Archive CD Books
How many of you have an old gazetteer, atlas, directory, local history
book, or any rare or out of print books that could help some of us with our family history research, and that most of us would
give our eye teeth to get our hands on? Any titles in BOLD on this page I have lent to the Archive
CD Books Project and they have been scanned and made available for purchase on CD-Rom. ACDB is a non-profit project set up by Rod Neep. Rod is a retired lecturer and family historian.
He finds books that are out of print and copyright that will be of interest to local and family historians, and scans them
with a German Bookeye camera. The book is opened flat on the base of the camera to ensure that the binding does not get damaged.
The scanner uses medium intensity lights, which are less damaging than the high-intensity lamps used by photocopiers, and
the scanner operator uses cotton gloves to turn the pages. ACDB publications are produced using Adobe Acrobat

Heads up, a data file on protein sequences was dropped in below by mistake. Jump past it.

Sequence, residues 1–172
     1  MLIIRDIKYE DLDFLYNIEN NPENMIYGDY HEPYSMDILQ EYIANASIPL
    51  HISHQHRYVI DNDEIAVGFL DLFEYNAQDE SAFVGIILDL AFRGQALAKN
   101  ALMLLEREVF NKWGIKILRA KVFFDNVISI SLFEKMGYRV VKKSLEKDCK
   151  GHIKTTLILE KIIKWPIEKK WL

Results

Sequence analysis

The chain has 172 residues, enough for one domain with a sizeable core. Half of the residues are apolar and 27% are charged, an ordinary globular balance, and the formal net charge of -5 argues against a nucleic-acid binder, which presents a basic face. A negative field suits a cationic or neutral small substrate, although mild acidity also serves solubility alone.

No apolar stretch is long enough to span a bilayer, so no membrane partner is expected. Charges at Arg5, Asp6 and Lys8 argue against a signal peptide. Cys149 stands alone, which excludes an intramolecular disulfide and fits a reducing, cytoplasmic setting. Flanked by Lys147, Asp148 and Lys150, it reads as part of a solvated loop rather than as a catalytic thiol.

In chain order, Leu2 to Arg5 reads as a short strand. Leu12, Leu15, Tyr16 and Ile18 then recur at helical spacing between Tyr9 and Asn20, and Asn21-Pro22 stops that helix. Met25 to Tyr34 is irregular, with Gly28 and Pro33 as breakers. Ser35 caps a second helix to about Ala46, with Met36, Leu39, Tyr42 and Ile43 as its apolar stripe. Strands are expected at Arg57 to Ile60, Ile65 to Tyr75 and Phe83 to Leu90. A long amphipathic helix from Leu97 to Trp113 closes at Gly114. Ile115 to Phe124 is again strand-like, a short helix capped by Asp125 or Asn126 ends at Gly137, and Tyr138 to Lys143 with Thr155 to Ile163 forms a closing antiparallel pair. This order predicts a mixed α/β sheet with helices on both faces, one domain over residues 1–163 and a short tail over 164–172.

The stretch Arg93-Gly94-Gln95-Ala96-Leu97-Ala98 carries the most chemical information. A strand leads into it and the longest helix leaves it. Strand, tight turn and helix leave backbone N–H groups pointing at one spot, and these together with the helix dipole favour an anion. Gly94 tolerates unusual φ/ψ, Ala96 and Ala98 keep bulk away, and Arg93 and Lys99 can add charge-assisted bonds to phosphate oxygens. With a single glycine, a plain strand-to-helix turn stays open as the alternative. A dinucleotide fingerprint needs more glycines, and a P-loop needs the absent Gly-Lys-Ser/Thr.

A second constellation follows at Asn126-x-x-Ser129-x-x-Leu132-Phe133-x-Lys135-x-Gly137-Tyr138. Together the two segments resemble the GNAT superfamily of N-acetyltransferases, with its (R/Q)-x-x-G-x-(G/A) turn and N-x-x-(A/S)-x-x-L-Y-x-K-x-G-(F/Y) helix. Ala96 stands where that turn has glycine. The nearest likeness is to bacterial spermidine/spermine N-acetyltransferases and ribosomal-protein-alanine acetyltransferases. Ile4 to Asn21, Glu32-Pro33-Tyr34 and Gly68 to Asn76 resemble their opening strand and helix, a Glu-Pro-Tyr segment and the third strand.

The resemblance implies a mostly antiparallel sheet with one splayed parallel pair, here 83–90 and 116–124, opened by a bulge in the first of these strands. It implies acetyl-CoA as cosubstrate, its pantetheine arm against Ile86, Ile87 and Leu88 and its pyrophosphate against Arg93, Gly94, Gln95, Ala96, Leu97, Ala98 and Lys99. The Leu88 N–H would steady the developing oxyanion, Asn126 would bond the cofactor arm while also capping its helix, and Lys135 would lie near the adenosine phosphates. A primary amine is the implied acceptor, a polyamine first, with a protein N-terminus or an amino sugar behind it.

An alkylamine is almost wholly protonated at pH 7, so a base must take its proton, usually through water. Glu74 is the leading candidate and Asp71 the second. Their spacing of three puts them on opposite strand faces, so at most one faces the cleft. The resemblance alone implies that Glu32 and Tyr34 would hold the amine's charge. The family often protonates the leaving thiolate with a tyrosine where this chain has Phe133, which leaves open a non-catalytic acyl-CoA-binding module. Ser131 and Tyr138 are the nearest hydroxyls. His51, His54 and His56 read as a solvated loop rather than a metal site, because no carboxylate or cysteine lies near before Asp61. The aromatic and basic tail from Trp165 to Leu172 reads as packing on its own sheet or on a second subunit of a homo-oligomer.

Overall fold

portable document format (.pdf) files. There is a text search feature to make it easier to find whatever you might be looking
for. All profit from the sale of the CD's are reinvested in the rebinding of books, donating the books to archives and buying
more books for republication. The ACDB Project is also interested in borrowing books from people, and for each book you loan
them they will give you:
A free CD copy of the book that you loaned.
A free CD of your choice from the ACDB range to the value of £14.00.
15% discount off all future purchases from the ACDB range.
If you are interested in purchasing a copy of the following books that
I have lent to ACDB, then click on the link below.
"The India Office List 1933"
"Murrays Handbook for India Burma and Ceylon 1926"
Handbook for India Burma and Ceylon 1933"
Click Here for Archive CD Books Project
Other Books of Interest
1600-1947: the Anglo Indian Legacy
The Great Hedge of India
|Dancing Round the Maypole - Growing Out of British
|by Rani Sircar
A set of light-hearted vignettes from the past, which holds up a
mirror to a vanished milieu-a particular sort of anglicized Indian family, which was proudly Indian, proudly Christian and
both directly influenced by and resisting the British customs of undivided India.
Rani Sircar was born in Madras and now lives in Calcutta. She went
to school in Colombo, Madras and Lahore. She has written many books for children and her writings on travel and humorous topics
appear regularly in various newspapers.
Read some excellent reviews by following the below links.
The Telegraph, Calcutta - Mark Tully
The Tribune - Bhavana Pankaj